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As we expected, MSN UK is killing off its short-lived MSN Music pay-for music replacement, in favour of Zune Marketplace, which is becoming Microsof’s de facto media service.
To give its users music downloads, MSN UK had, until mid-2009, relied on a white-label partnership with Nokia’s OD2. But, when Nokia (NYSE: NOK) shuttered the service, Microsoft (NSDQ: MSFT) built its own stop-gap, offering 10 singles for £7.99.
The “beta” label had stayed on since then, and an unlimited streaming variant which was in closed beta never saw light of day publicly.
Microsoft still isn’t bringing its Zune media player hardware outside of North America, but it has already rebadged its Xbox Live Video Marketplace movies service “Zune Marketplace” here, and is making Zune available on its Windows Phone 7 phones around the world.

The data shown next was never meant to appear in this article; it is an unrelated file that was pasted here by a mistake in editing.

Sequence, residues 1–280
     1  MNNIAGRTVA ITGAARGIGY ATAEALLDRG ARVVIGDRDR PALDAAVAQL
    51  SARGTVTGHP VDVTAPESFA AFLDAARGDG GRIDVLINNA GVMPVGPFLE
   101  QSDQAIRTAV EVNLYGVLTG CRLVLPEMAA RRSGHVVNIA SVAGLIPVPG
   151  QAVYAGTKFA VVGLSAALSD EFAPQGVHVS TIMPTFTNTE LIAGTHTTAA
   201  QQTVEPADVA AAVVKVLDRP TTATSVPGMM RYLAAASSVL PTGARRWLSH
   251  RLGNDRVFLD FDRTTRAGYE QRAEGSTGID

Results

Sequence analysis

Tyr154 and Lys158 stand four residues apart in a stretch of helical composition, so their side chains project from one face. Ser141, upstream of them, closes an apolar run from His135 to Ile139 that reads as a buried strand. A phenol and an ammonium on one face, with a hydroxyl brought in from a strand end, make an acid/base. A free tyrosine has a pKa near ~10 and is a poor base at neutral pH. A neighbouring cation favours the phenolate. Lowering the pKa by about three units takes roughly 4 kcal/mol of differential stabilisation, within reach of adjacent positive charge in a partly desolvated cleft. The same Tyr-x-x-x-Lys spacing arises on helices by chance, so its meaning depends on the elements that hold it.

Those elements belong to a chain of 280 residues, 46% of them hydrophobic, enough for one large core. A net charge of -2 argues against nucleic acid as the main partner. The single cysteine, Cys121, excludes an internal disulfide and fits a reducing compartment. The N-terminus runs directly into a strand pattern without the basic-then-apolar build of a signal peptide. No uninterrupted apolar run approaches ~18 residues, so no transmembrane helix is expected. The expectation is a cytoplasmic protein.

MSN UK “will create links in its music editorial to related content on Zune.net, giving users quick and easy access to the music they care about in the Zune Marketplace”, Microsoft says.
That means users can purchase individual tracks from Zune.net or buy a £8.99-a-month Zune Pass to access unlimited on-demand streams on Windows Phone 7, Xbox 360, Zune.net or in Zune’s desktop application.
Microsoft confirmed to paidContent:UK that this means the replacement of MSN Music’s stop-gap downloads service.
Update (Oct 14): Microsoft says the stop-gap MSN Music Downloads was always being powered by a nascent version of the Zune UK service, making it an 18-month-long Zune trial.
Customers of the old service were told on September 28 they would be migrated, though it’s not clear how many there were; those with account credit remaining will receive Microsoft points.
The change happens when Windows Phone 7 handsets are available in Europe from October 21. MSN’s site will focus on music-related editorial in much the same way it already was.